. Captain Warren F. Sergent, son of Mr. and Mrs. B.P. Sergent and graduate of Whitesburg High School, has been awarded the Bronze Star medal for heroic achievement in action near Priverno, Italy on May 27, 1944. The citation says, “With utter disregard for his own personal safety, Captain Sergent went over flat open terrain in the face of heavy enemy fire to the aid of the men who had been wounded by artillery fire and needed medical attention. While enemy shells fell around, Captain Sergent worked feverishly over the wounded with no protection whatsoever. While dressing the wounds of the injured men, Captain Sergent himself received wounds from artillery fragments but continued on with his work until it was completed and the wounded were evacuated. Only then did Captain Sergent permit his wounds to be dressed and continue forward. By his action, courage, devotion to duty and attention for the wounded, Captain Sergent exemplified the highest traditions of the armed forces of the United States.”

. The Jenkins Kiwanis Club has filled a second railroad car with scrap paper and is now well on its way to filling a third car. Club members have received much help collecting the scrap paper from the school children of Jenkins and McRoberts. Proceeds from the paper drive will be used to further activities of the Boys and Girls Committee and the Underprivileged Children’s Committee.

. Carlos Sexton of Camp Branch is home on furlough after being wounded in the battle for Saipan in the South Pacific. He is the son of Mr. and Mrs. Jay Sexton.

. Charlie Whitaker of Linefork has planted nine acres in corn.

Thursday, April 21, 1955 Ray Pigman has resigned as athletic director and head basketball coach at Whitesburg High School. Pigman, who headed both football and basketball head coaching duties until giving up football three years ago, said he has business interests in Whitesburg that will occupy all of his time. His 40-12-4 record as football coach over six seasons is among the best in the mountains. Pigman’s 1950 football team went undefeated. As WHS basketball coach, Pigman racked up 151 wins and took his 1951 team to the semifinals of the Boys State Tournament.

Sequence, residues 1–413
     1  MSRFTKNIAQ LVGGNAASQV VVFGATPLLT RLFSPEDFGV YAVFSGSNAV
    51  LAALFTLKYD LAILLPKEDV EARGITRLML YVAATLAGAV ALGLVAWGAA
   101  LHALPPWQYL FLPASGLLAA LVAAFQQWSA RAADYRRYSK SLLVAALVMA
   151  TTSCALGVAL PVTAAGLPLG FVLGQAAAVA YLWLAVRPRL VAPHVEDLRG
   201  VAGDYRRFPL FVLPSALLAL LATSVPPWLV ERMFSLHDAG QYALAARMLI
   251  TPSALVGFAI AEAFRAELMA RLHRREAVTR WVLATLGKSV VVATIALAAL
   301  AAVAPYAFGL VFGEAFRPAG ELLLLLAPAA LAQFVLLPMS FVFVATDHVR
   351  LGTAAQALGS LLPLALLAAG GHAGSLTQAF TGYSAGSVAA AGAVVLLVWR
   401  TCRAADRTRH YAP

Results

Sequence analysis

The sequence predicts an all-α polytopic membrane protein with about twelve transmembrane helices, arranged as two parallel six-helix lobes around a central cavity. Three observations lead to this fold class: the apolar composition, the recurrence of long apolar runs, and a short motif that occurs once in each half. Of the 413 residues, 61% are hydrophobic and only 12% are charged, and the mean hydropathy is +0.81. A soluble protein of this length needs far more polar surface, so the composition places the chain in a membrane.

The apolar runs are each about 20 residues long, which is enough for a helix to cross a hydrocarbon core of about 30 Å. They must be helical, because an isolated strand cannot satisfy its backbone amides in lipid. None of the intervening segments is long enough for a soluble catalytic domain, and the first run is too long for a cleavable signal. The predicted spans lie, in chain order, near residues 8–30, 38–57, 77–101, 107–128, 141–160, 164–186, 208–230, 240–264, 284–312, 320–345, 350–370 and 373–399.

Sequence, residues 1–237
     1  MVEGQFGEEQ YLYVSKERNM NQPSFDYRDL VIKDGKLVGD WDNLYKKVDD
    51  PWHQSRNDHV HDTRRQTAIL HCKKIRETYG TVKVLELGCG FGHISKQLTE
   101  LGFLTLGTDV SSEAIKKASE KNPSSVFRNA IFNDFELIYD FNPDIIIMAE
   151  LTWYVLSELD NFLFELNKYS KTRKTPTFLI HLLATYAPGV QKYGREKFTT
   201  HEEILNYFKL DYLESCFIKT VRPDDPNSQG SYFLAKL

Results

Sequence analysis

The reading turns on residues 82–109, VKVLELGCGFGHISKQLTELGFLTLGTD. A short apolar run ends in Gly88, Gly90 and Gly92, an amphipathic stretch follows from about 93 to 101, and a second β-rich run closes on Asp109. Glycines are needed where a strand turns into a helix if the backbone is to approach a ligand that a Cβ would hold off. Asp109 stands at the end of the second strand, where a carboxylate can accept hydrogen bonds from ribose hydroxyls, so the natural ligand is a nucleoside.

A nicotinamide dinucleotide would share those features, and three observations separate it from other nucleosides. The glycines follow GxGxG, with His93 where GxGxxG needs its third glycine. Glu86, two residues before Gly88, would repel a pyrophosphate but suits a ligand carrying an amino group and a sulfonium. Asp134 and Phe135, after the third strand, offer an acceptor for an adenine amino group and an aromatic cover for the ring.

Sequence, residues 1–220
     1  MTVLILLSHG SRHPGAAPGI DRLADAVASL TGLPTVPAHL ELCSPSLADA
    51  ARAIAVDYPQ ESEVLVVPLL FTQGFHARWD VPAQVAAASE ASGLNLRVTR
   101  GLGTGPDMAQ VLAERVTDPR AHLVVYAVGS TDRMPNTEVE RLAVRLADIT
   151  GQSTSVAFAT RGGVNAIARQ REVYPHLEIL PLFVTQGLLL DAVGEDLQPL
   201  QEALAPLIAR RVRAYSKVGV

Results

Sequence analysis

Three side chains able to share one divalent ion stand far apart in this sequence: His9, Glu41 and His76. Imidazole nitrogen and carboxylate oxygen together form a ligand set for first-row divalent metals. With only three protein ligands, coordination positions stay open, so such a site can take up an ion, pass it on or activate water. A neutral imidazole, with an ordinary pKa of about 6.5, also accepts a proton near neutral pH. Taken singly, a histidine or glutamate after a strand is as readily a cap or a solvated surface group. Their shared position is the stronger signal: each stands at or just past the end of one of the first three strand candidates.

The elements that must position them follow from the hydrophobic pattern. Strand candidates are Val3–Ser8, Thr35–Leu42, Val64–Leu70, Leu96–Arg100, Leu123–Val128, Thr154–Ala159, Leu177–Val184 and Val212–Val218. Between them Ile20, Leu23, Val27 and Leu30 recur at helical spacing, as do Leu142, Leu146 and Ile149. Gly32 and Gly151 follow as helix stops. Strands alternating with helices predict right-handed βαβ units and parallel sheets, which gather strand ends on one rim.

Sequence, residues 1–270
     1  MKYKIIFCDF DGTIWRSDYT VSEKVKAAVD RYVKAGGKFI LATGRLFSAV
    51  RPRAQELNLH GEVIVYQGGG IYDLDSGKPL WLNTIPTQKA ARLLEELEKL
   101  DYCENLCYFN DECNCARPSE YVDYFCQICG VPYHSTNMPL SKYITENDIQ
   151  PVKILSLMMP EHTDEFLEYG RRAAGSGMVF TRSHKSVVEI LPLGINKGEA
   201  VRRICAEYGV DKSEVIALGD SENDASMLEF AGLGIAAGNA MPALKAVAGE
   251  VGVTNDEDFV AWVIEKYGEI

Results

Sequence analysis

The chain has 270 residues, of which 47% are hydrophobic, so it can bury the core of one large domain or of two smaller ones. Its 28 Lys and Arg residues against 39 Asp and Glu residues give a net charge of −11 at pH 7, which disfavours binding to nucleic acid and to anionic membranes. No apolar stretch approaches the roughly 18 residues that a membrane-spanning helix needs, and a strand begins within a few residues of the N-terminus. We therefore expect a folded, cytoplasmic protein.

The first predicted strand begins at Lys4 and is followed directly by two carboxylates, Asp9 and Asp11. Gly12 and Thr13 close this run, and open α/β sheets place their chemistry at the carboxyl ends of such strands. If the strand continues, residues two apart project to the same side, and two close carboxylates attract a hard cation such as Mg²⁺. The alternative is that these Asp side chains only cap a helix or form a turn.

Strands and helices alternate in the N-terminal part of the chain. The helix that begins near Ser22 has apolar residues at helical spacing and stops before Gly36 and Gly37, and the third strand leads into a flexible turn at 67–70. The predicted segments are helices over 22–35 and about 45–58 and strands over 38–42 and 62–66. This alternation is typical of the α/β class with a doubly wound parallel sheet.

The Pine Mountain Hotel has acquired a new look with freshly painted walls and new draperies. Mr. and Mrs. Ellis Morgan of Whitesburg, known for the good food they serve, are the hotel’s operators.

. The City of Whitesburg hopes to build a sanitary sewer system that would be paid for with user fees of about $2.40 cents per month, or 8 cents per day. Building the system is estimated to cost $220,000, at least $30,000 of which has been pledged by the Memorial Hospital Association.

. Several members of the Stuart Robinson School Folk Dance Club, made up of 16 couples chosen by a folk dance teacher at the beginning of the school term, have been busy touring North Carolina, South Carolina and Tennessee. On that one-week tour were students Joanne Hubbard, Evola Branson, Francis McIntyre, Ella Faye Adams, Jackie Blair, Shelby Jean Caudill, Elizabeth Combs, Dennis Hampton, Thomas Jent, David Estepp, Lindsey Sexton, Elwood Cornett and Gilberto Hinojosa. Members also participated in the Berea Folk Festival April 1-3. They were Olga Adams, Sadie Nell Whitaker, Faye Dunn, Ann Dixon, Wilma Pridemore, Martha Sue Cornett, Dennis Hampton, David Estepp, Lawrence Back, Bill Croucher, Elwood Cornett and Don Back.

. Before the recent arrival of the Salk vaccine, polio had stricken 4,000 young Kentuckians over a four- to five-year period, mostly between the ages of six and 12, and left them with paralysis. U.S. Senator Earle C. Clements notes that it was “fitting that the dramatic announcement of the success of the Salk vaccine for polio” came “on the 10th anniversary of the death of Franklin D. Roosevelt. He suffered from this dread disease yet carried on to greatness in spite of its crippling effect.” The March of Dimes Polio Foundation was established in Roosevelt’s honor, says Clements, and it “was from the funds of this Foundation that Dr. Salk and his staff were able to carry on their work and make this great discovery.”